Denis Healey, who would go on to be Labour's Chancellor, called it 'the greatest parliamentary speech I ever heard', with 'all the moral passion and rhetorical force of Demosthenes'.

Even those who would oppose Mr Powell, such as former Labour leader Michael Foot, use this speech to claim that he was no racist. There was also little to suggest he harboured such views prior to the famous speech.

In 1960, as minister of health, he had presided over the recruitment of West Indian nurses.

Something changed his mind.

In his speech he referred to a woman he knew who 'worked hard and did well, paid off her mortgage and began to put something by for her old age'.

"Then the immigrants moved in," Mr Powell said. "With growing fear, she saw one house after another taken over. "She is becoming afraid to go out, windows are broken. She finds excreta pushed through her letterbox. When she goes out to the shops she is followed by children, charming wide-grinning picaninnies."

He never named the woman. Journalists from the Express & Star and Fleet Street tried to find her, to no avail. Then six years ago, after her death, the woman was revealed to be a Druscilla 'Trudy' Cotterill, at the time a 60-year-old childless war widow who was deeply troubled and frightened at the changes that she saw around her.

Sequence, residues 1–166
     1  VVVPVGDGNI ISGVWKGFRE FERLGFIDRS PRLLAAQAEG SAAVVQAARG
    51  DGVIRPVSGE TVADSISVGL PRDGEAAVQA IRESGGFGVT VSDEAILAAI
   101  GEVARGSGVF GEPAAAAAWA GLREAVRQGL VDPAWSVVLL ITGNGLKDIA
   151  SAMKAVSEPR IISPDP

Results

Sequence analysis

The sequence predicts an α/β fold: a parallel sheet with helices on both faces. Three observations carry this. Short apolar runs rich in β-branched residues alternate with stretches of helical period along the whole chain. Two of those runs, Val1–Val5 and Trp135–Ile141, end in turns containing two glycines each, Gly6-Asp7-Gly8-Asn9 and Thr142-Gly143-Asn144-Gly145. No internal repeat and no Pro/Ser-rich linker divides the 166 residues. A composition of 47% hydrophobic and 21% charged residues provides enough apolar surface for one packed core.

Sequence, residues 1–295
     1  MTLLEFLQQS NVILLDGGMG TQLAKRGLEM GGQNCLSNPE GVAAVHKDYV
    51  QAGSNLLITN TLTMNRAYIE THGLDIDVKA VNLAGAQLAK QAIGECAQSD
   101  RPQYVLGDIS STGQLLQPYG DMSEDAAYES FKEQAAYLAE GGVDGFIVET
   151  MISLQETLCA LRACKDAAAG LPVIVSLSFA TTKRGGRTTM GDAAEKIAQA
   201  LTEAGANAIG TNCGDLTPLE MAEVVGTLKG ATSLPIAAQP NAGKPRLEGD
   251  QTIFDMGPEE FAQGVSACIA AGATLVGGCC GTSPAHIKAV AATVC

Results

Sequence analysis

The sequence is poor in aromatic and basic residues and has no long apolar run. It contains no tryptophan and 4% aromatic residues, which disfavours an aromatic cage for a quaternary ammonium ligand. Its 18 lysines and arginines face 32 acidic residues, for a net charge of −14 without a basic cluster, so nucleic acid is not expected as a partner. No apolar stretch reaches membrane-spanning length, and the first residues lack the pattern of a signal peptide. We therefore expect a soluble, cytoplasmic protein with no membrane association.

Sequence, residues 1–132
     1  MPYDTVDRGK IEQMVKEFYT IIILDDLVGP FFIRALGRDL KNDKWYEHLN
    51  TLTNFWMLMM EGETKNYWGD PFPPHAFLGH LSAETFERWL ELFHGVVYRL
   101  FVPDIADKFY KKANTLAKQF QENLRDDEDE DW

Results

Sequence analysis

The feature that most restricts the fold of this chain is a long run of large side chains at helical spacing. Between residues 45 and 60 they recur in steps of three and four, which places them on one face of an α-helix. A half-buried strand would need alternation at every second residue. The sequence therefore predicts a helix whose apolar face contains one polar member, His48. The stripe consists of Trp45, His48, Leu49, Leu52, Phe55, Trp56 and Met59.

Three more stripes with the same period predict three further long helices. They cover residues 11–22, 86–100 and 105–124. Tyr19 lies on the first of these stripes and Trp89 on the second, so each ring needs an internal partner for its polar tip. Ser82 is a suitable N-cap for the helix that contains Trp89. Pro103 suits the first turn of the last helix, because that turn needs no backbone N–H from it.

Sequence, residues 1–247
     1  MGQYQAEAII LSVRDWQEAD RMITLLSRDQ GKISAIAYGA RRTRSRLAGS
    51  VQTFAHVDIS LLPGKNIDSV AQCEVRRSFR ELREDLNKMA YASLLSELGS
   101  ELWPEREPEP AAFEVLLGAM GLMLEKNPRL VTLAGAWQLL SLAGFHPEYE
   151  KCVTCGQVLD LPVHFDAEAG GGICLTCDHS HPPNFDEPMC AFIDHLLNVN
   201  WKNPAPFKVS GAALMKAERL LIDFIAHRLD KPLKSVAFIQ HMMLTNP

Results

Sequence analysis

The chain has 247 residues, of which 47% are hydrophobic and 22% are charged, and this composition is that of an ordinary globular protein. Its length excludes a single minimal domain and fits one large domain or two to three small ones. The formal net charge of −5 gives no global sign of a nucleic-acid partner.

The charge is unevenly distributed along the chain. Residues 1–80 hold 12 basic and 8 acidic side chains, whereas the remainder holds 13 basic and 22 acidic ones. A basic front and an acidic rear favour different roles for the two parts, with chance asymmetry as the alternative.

She lived in Brighton Place, not far from Mr Powell's Merridale Road constituency home.

In 1950 every property had been occupied by British-born families. By 1967 Mrs Cotterill was the only English person left, flanked by Asians and West Indians.

At the time of the speech, Mr Powell had been accused of making up her account and by keeping her identity a secret he was forced to drop a libel action against the Sunday Times.

Whatever his motivations or views, the Rivers of Blood speech was an enormous boulder dropped in a lake and its ripples have been felt for 46 years.

And Mr Powell knew that it was going to be a big deal. Prior to the speech he had been friends with the then editor of the Express & Star, Clem Jones.

He had asked for advice on how to get the best possibly publicity for his speeches and had chosen a Saturday afternoon, knowing that it would make the evening broadcast bulletins, the Sunday national newspapers and, if it was significant enough, the Monday papers as well.

He said to Clem Jones: "Look, Clem, I'm not telling you what is in the speech. But you know how a rocket goes up into the air, explodes into lots of stars, and then falls down to the ground.

Well, this speech is going to go up like a rocket, and when it gets to the top, the stars are going to stay up."

Today, the things he feared would happen – the riots, immigrants having the 'whip hand' – have not come to pass.

On that, at the very least, we can be certain that Enoch Powell was wrong.